It was evangelist Henry Ward Beecher who inquired “Where is human nature so weak as in a bookstore?” A man who understood temptation was Henry Ward Beecher.
So for every person who took their purchases at the Dredge saying “Well, that’s half my shopping list taken care of!” there were three who admitted, “Well, I’m buying this for myself, really.” I understand these people and I support their courage in shopping for themselves. (Because that courage sure helps support me.)
Last night was the Associates’ Holiday party, or Dredge Party, or The Dredge, as it is sometimes known, and I did try to have a little something for everybody, from the Jingle Cats CD to the Harley-Davidson Cookbook. There was great interest in the paper doll books, with Dennis Rodman handily beating out William and Kate in the popularity contest. The pop-up books were also a big hit, though the pop-up Kama Sutra was left behind, and several people were afraid to open the pop-up book by Stephen King. (In the end, nobody bought the Dennis Rodman book, either.)
We had a full line of literary cookbooks, including cookbooks written pr inspired by Frances Parkinson Keyes, Inspector Maigret, Lord Peter Wimsey, Beatrix Potter, Nicolas Freeling, Margaret Mitchell, Myra Breckinridge, Encyclopedia Brown, and Winnie the Pooh. The Barbie Cookbook did not sell.
I put out a couple of Blog Specials, which is the name I have been giving to books made internationally famous by being featured in this blog. But neither Literary England nor The Blessed Mother Goose made any hearts flutter. I even put out the naughty salt shaker I did my best to make famous on eBay, but could not shock anybody into buying it.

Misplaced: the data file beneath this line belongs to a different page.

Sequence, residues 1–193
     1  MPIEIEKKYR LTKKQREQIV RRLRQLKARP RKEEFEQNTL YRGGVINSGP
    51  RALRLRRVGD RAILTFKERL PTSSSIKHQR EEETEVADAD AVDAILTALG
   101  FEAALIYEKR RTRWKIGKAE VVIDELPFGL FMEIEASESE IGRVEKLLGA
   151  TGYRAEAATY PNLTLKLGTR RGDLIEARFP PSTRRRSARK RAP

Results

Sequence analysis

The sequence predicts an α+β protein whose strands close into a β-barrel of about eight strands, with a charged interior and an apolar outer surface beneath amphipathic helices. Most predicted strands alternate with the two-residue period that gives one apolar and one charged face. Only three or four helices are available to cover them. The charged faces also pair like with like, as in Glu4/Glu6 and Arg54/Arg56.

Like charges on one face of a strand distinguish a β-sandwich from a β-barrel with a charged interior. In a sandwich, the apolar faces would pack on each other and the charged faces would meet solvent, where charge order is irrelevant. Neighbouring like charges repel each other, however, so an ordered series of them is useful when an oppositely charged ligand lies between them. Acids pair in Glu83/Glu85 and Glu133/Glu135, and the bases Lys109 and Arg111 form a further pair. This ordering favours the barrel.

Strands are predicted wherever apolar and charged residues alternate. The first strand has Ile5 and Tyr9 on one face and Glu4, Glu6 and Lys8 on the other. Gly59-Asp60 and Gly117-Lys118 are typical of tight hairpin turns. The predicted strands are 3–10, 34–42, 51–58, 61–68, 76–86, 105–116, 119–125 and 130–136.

What DID sell was somebody’s Perry Como collection: a Christmas CD, two two-disc CD albums of greatest hits, and even a Christmas concert on VHS. A LOT of people who were thinking of just walking past stopped short to look at Perry Como, and three or four of them studied that Christmas concert longingly, wondering aloud if they could even FIND their VCR. (Note to self: next year, Como on DVD.) I don’t suppose Dennis Rodman ever even considered the possibility of being less popular than Perry Como, but, based on sales as well as people stopping to look, somebody may have to tell him.
(If you do, and he seems downcast, tell him about the couple browsing in the paper doll books. She exclaimed, “Kate and William! You heard the big news!” Her husband inquired, “Mmmp?” “She’s expecting!” “Mmmp,” said he. Either he doesn’t know how to handle celebrity newsflashes or he was busy studying the different navel rings in the Dennis Rodman paper dolls.)
So a good time was had by all, and if I was surprised at how unexcited people were at the autographs of Judy Collins, Martha Stewart, and Alistair Cooke, I was surprised at how much they loved Perry Como and the Elvis Presley Cookbook (Are You Hungry Tonight?) They sang along on Silent Night, drank egg nog, ate cookies, and bought some really heavy art books. Carols, calories, and commerce: I call it a successful party.